I agree with this, but there is a difference in how different religions or denominations practice which could be more appealing to some. Islam is a religion that focuses on actively engaging in religious thinking everyday. There is a consciousness about it, encouraged by set, regular (daily and yearly) religious ceremonies, which could be quite fulfilling. While, I'm not religious myself, when I lived and travelled around the Middle East, I found this a strikingly different aspect of both Judaism and Islam (in comparison to Christianity). I found it fascinating, though-provoking, and quite comforting just being around it. I could understand why people would be drawn to the structure and the consciousness of those religions.

    However, there are denominations within Christianity, or individual churches and communities, that might provide similar benefits. I do agree that conversion is something that shouldn't be taken lightly and that your options should be thoroughly explored.
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  8. #8
    this is my winter song EJCC's Avatar
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    Quote Originally Posted by Newbyagain View Post
    Thank you.

    First you say switching religions over community issues is problematic, but then you say to switch based on values. That is sort of the same considering I would think most would expect you to switch based on the God you believe in.
    I meant "values" in the vaguest possible sense. Not just morality, but spirituality -- and not focusing on one aspect of morality as if it is the only aspect of morality that's relevant -- which is what you seem to be doing now (unless I'm misunderstanding).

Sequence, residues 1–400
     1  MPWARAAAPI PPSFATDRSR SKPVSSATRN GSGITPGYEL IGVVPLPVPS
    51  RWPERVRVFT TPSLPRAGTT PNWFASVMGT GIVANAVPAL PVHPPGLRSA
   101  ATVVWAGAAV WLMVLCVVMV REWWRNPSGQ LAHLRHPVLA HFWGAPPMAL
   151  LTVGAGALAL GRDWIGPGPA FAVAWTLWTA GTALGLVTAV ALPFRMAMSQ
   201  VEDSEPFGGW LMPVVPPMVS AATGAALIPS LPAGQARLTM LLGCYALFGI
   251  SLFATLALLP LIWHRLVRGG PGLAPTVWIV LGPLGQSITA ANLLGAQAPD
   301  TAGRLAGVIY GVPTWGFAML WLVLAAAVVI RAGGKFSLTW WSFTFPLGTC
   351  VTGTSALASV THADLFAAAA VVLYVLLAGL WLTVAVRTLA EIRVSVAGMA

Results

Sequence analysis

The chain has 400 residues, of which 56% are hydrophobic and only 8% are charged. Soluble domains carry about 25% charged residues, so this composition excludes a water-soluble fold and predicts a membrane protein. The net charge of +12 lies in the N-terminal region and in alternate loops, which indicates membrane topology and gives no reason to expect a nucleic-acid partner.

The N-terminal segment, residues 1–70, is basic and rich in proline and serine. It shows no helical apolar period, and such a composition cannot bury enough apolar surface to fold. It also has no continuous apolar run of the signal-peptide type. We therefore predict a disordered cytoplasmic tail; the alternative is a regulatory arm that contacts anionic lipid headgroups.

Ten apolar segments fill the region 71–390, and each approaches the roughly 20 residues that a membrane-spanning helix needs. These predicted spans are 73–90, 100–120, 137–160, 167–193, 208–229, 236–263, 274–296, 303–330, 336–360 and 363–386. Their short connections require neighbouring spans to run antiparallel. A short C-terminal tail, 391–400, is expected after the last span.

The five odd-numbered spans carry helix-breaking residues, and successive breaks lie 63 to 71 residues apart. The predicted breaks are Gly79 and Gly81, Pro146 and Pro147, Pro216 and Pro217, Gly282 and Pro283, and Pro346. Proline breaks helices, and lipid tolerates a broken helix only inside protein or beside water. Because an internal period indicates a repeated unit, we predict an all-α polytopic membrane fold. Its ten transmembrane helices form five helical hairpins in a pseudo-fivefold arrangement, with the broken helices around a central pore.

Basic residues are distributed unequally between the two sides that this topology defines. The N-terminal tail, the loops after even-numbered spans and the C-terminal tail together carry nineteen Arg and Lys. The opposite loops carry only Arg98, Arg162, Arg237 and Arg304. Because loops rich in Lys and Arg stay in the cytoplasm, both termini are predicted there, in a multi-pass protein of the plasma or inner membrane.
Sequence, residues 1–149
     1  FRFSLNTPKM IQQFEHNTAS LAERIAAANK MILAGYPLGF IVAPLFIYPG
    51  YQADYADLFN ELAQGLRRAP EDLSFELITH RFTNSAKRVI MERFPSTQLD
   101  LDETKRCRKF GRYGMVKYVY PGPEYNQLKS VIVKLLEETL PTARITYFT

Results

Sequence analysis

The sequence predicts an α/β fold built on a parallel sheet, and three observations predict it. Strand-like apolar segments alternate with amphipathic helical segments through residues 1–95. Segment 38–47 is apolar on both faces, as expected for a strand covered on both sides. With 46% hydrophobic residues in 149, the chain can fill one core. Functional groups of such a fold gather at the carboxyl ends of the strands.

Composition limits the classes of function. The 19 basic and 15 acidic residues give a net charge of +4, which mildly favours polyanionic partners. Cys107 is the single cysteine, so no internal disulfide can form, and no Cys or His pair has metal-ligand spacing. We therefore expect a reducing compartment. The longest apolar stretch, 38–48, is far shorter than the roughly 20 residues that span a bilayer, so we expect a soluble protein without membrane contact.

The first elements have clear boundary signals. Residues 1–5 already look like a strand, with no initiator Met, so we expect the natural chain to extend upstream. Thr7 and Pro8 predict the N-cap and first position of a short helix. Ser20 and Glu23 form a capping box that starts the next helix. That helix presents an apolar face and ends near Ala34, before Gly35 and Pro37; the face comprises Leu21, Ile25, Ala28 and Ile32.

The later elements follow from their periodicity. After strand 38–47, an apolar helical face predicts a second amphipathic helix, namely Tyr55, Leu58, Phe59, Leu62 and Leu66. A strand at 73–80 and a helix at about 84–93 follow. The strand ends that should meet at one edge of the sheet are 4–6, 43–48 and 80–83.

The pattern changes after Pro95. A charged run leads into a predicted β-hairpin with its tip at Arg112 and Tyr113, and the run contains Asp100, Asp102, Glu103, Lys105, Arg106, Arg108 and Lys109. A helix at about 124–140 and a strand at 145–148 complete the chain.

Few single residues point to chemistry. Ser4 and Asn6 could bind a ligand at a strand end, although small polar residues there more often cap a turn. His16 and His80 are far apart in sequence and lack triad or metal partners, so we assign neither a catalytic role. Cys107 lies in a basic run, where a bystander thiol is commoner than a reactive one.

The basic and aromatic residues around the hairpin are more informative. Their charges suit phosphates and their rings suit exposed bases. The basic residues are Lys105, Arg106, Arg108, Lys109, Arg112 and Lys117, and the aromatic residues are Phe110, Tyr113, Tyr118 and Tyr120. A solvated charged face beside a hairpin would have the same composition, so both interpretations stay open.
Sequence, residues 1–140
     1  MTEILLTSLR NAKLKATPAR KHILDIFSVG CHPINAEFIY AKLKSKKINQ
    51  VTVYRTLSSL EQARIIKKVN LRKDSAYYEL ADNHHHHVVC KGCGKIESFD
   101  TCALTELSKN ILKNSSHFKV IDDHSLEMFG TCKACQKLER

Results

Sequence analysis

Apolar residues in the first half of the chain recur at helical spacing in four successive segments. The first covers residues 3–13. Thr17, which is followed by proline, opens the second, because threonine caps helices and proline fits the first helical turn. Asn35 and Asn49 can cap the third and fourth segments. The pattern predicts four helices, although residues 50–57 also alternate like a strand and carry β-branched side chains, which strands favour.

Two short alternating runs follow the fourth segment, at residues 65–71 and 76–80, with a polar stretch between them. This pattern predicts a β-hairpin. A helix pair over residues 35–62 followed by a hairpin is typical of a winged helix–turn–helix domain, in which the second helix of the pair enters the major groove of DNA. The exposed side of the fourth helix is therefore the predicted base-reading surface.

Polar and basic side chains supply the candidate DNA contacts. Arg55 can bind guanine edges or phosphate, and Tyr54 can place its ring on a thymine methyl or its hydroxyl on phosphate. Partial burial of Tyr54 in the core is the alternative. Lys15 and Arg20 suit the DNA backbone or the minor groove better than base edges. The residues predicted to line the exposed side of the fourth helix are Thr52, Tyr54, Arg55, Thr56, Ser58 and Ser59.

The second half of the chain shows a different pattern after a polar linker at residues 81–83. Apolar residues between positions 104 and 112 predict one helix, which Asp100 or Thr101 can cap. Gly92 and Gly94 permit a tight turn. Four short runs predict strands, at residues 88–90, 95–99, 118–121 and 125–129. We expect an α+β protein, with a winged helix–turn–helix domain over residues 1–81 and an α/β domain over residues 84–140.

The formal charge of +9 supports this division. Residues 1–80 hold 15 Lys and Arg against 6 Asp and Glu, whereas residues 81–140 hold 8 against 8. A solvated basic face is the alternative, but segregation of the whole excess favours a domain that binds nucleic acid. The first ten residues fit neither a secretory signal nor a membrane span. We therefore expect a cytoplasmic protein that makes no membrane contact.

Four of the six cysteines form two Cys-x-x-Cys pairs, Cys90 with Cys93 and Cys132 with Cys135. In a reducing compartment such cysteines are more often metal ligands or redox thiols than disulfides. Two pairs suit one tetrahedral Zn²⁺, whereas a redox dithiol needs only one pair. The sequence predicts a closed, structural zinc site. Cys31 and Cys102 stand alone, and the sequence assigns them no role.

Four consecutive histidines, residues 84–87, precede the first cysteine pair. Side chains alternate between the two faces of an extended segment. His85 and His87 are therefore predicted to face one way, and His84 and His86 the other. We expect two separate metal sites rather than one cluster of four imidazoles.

Quote Originally Posted by Newbyagain View Post
    And back to the community thing, I believe that at least ninety percent of Christians do not practice what the Bible teaches and it makes me wonder that maybe it is due to a problem in the religion and if Islam is able to have such willing, dedicated followers, there must be something right about it.
    On what basis are you making these universal declarations about Christians? And what are your standards for "practicing what the Bible teaches"? Like I said before, no one is capable of perfectly following any scripture. Humans are imperfect.

    I can't emphasize enough, the importance of research in this. For example, the variations within both Christianity and Islam that @Southern Kross mentioned. To be perfectly honest, I'm concerned that you're going to make this extremely important decision on gut instinct, lashing out angrily against your local Christian community by converting without thinking. I'm not afraid of you "not being saved", or something -- my personal theology is very liberal in that regard -- but I am concerned that you're too caught up in the heat of the moment to step back and analyze the various faiths as objectively as you can.
    ~ g e t f e s t i v e ! ~